Inspiring Stories: Stephanie Nimmo
Inspiring Stories is a regular series featuring interviews and discussions with well known authors, motivational speakers and entrepreneurs from within the widows and widowers community. In today’s edition we chat to writer and campaigner Stephanie Nimmo.
Tell us a little about yourself and how you became bereaved?
I met my husband, Andy, when I was 20, we were married when I was 24. We lived in London and had four children together. Our youngest daughter, Daisy, was born with a rare genetic condition called Costello Syndrome. She was life limited with a very complex care regimen and I had to give up my career to look after her. Andy and I were such a strong team and thought that life couldn’t throw any more curveballs our way. However, in late 2014, he was diagnosed with stage 4 colorectal cancer and sadly died just over a year later. 13 months after Andy died I had to make the heart-wrenching decision to switch-off Daisy’s life support, she had been overwhelmed with irreversible sepsis.
You went from being a marketing professional to a full-time carer and stay-at-home mum. How did you cope with the transition?
When my daughter, Daisy, was born, prematurely and very sick on 22 December 2004 my life changed overnight. I mourned for the child I thought I was expecting and I had to get to know this little girl who was very poorly and not expected to reach adulthood. My career ended the day she was born. My life revolved around caring for Daisy as well as bringing up our other three children who were only 2, 5 and 7 when Daisy was born. The first few years were tough but we found our new normal and tried to really live in the moment, making the most of the precious time we had with Daisy.
You started your blog ‘Was this in the plan?’ in 2008. Was it always your intention that it would one day become a book?
Initially, I started the blog as a way of processing what was happening. I found writing it very therapeutic and I felt it was also important to share and shine a light on this new world I had found myself in. I was always very open and honest about our journey with Daisy. When Andy was diagnosed with cancer we decided (with the permission of our children) to be equally as open and honest about this new journey. There was so much positive feedback on the blog and how sharing was helping other families, I knew I had to write a book one day too. In fact it was Andy’s dying wish that I wrote the book and it became a way of processing my grief after he died.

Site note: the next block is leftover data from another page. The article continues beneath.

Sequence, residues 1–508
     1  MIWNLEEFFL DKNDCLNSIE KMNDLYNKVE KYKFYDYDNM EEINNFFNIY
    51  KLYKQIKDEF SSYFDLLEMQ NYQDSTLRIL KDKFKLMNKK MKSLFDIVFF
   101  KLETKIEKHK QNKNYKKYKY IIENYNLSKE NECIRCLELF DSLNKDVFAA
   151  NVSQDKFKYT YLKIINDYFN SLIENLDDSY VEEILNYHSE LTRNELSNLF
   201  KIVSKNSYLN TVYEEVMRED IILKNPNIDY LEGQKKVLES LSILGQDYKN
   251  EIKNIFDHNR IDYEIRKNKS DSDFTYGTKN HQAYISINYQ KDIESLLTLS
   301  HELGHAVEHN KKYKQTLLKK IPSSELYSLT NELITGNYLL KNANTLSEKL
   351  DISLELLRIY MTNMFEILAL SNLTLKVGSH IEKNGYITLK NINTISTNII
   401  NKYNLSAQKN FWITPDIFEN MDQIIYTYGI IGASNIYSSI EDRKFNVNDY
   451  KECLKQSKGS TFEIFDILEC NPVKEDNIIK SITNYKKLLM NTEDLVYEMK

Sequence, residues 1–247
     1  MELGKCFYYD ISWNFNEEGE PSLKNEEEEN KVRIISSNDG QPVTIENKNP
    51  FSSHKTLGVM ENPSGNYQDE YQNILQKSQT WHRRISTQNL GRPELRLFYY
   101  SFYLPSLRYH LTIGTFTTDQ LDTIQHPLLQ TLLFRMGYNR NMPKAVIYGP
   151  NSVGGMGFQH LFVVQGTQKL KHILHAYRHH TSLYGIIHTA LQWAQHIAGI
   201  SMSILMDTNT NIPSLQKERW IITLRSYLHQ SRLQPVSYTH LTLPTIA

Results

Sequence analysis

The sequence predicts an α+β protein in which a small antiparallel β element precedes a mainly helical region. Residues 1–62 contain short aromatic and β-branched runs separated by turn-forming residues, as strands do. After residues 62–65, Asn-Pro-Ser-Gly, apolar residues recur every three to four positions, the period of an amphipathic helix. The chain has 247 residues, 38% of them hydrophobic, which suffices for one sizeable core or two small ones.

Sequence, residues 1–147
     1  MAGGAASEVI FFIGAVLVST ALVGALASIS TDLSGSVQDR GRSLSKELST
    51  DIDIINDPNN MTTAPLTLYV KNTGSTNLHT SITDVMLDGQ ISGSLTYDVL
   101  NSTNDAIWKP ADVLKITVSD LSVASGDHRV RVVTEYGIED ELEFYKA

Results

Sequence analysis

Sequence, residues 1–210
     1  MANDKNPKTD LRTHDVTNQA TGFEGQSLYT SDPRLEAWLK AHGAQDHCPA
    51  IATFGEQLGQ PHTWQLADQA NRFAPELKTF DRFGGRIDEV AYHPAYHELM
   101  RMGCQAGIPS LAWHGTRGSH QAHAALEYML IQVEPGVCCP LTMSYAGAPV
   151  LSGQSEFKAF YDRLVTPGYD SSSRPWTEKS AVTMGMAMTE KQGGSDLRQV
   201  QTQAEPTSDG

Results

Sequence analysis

On your blog, you mention how ‘we may not have control of what is happening to us, but we have control over how we respond to it’? How important has this life philosophy been for you?
This is how I live my life. I could never have predicted how my life would turn out. It was Andy who used to say “it’s not the cards you’re dealt, it’s how you play them”. None of us knows what life has in store but our resilience is strengthened by each situation we come through. If someone had shown me a glimpse into my future life all those years ago when I met Andy, I would have run a mile, but I have grown stronger and stronger as I have had to face each challenge.
On your blog, you mention that you ‘try to reflect the issues faced by so many families like ours and speak for those who cannot speak out’. Do you feel single-parent families are given enough exposure in the mainstream media?
Andy died when I was 47 and I became the sole parent of four children, one of whom had complex medical needs. Along with the grief and loss, adjusting to becoming a single parent has been so hard. It’s not just the practical and financial support, more than anything it’s the emotional support I miss more than anything. There is a lot of stigma associated with single parents and people make a lot of assumptions.
How important has writing been for you during the grieving process?
Writing has been my most important therapy. It’s helped me process what has happened and it’s been important for me to share my feelings through my words as well as helping my children to know that it’s OK to talk about and share their feelings.
Can you share with us five things which have helped you through your bereavement?
I read Paul Kalinithi’s book “When Breath Becomes Air” a few months after Andy died. It was hard to read but I found it motivated me to want to tell my own story.
I have always been a runner, it has helped me get through the stressful times of caring for Daisy. After Andy died I also took up open water swimming and I find it so therapeutic. I love swimming in lakes, just me and the elements, it’s definitely helped me cope.
It would have to be Andy’s favourite quote “it’s not the cards you’re dealt, it’s how you play them”. I have chosen to keep putting one foot in front of the other and make the best of this new life I now find myself in.
One piece of advice?
Years ago I confided in a colleague that I really wanted a promotion to a global role in my company. Her advice was to “decide what I want and make it happen”. That piece of advice has shaped every decision I have made since. I knew I wanted to write my book and I made it happen, no excuses.
One song/piece of music?
It will always be “Times like these” by the Foo Fighters. We played the acoustic version at Andy’s funeral. I love the line “I’m a brand new sky to hang the stars upon tonight”. It’s like Andy saying, life will go on Steph, seize the opportunities, seize the day.
Stephanie Nimmo is author of the book ‘Was This in the Plan?’.
This article is part of the ‘Inspiring Stories’ series.